On Sunday, CNN’s Fareed Zakaria interviewed Bollywood actor/superstar Shahrukh Khan on his recently released film, My Name is Khan, his U.S. airport security woes (Stars! They’re just like us!), the Indian film industry, and perceptions of America abroad.
The interview was surprisingly interesting, but I found a few points to be the most thought-provoking. Towards the end of the first segment (around 5:00 onwards), Shahrukh asserts that it is the responsibility of educated Muslims to promote a more tolerant image of Islam. He emphasizes,
I think it’s a duty of every educated, maybe a little liberal Muslim to go out in the world and if he has the opportunity, like I think I have as an actor, I think we need to make sure, that’s yes, this is what it stands for, this is what Jihad means, this is what tolerance means and this is what Islam means.
Shahrukh raises a point we’ve discussed heavily before on this forum – do “moderate” Muslims have a responsibility to spread a more tolerant image of Islam? And, more specifically, do Muslim celebrities bear the burden of carrying that torch?
In My Name is Khan (feel free to weigh in on your opinion of the film since I haven’t yet seen it), Shahrukh plays a Muslim man married to a Hindu woman living in post-9/11 America, who subsequently “has to go on a journey to explain to everybody that, guys, just because ‘My Name is Khan’ doesn’t mean I’m a terrorist.” The debate is significant because it raises several fair points – first, if the loudest voices in the room are on the far end of the spectrum – Islamist radicals – shouldn’t there be attempts to at least raise the volume of the moderates? At the same time, has that moderate voice been cohesively defined in a manner that can counter negative perceptions? Finally, are we doomed to be constantly on the defensive, particularly since many attempts are unraveled the minute a terrorist attack occurs?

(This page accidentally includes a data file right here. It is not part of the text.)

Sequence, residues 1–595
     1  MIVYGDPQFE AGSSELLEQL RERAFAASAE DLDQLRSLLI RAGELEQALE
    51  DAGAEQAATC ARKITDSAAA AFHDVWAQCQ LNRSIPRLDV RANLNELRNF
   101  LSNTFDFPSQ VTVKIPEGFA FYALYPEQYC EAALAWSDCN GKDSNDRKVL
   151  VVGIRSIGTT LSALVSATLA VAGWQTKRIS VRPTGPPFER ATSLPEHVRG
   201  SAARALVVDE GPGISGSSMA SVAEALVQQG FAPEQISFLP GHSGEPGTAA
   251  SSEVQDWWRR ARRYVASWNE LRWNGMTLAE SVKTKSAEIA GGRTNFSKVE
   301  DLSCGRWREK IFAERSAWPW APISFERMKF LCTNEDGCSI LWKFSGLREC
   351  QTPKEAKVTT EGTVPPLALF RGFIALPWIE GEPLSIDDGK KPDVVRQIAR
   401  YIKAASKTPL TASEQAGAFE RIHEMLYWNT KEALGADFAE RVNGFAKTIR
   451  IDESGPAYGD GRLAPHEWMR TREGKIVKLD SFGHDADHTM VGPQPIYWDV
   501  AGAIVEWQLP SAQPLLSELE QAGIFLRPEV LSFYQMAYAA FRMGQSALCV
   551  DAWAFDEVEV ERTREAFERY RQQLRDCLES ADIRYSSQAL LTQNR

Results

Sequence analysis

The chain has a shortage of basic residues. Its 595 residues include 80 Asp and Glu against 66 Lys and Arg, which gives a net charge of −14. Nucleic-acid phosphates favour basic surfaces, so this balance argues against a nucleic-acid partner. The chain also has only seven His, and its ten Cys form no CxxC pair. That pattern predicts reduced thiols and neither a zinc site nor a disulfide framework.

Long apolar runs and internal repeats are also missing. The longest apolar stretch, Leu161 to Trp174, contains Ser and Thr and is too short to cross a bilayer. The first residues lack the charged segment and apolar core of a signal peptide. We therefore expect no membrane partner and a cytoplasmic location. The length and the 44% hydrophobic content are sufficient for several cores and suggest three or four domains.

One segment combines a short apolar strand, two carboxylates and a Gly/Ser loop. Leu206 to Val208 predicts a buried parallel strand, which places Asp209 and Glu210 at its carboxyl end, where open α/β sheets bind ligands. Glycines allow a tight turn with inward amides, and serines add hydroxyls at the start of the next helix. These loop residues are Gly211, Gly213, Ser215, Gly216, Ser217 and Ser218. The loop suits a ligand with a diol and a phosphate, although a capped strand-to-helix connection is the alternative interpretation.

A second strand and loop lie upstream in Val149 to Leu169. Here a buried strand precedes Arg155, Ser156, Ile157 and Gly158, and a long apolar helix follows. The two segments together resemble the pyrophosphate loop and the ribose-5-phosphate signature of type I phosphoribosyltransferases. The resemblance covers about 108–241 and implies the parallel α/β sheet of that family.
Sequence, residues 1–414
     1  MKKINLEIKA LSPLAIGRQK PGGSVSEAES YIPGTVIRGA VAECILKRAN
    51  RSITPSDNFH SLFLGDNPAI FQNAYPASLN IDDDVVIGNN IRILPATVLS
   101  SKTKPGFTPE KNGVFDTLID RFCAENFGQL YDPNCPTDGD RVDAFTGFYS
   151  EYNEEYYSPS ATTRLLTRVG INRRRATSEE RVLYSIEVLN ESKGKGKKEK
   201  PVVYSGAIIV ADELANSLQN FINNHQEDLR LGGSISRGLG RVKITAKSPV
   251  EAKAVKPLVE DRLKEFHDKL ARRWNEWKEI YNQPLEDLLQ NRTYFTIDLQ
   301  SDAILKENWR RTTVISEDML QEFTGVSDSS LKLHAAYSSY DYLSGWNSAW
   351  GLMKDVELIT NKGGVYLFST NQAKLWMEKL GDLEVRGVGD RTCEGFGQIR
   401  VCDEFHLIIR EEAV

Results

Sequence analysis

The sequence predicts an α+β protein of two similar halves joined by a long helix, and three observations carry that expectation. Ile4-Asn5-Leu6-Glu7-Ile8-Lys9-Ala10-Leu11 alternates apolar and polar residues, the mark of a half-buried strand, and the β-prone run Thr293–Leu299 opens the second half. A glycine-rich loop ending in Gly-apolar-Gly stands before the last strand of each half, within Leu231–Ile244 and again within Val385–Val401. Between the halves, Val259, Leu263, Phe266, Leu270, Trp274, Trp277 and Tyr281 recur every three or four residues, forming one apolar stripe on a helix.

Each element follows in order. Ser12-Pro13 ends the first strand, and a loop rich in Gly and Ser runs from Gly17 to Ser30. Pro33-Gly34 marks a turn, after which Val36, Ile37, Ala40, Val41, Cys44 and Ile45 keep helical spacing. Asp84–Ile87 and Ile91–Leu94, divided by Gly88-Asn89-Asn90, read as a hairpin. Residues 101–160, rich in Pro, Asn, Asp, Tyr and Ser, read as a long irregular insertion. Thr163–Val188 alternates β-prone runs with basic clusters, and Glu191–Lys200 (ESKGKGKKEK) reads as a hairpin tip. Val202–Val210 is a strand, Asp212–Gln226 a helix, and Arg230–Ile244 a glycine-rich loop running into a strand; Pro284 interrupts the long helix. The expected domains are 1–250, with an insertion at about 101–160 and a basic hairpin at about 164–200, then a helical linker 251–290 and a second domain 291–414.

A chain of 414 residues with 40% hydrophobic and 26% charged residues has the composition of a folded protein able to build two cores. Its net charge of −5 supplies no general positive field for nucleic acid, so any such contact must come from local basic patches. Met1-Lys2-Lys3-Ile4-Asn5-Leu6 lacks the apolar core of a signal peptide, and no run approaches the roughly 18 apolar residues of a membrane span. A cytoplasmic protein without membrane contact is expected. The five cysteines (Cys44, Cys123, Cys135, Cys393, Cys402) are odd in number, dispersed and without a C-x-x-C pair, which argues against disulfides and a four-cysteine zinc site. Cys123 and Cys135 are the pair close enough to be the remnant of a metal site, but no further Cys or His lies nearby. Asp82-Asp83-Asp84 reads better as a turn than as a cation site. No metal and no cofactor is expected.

Zakaria, a little later in the interview, asked Shahrukh:
You know when George Bush saw Manmohan Singh at some event, the first time he had an opportunity chance to introduce his wife, Laura Bush, to Manmohan Singh, he said to her, honey, this is the prime minister of India. This is a country that has 150 million Muslims and not one member of Al-Qaeda. That was the way he thought of Indian Muslims. Why do you think Indian Muslims are not so radicalized?
Now, I admit to know relatively little on the subject of Muslim identity in India, but I do think Zakaria’s point is interesting. Although Shahrukh responded, “I think Indians by nature like people and they’re compromising and understanding,” I’ll leave further discussion about Zakaria’s question up to you guys (refraining from Pakistani/Indian bashing of course).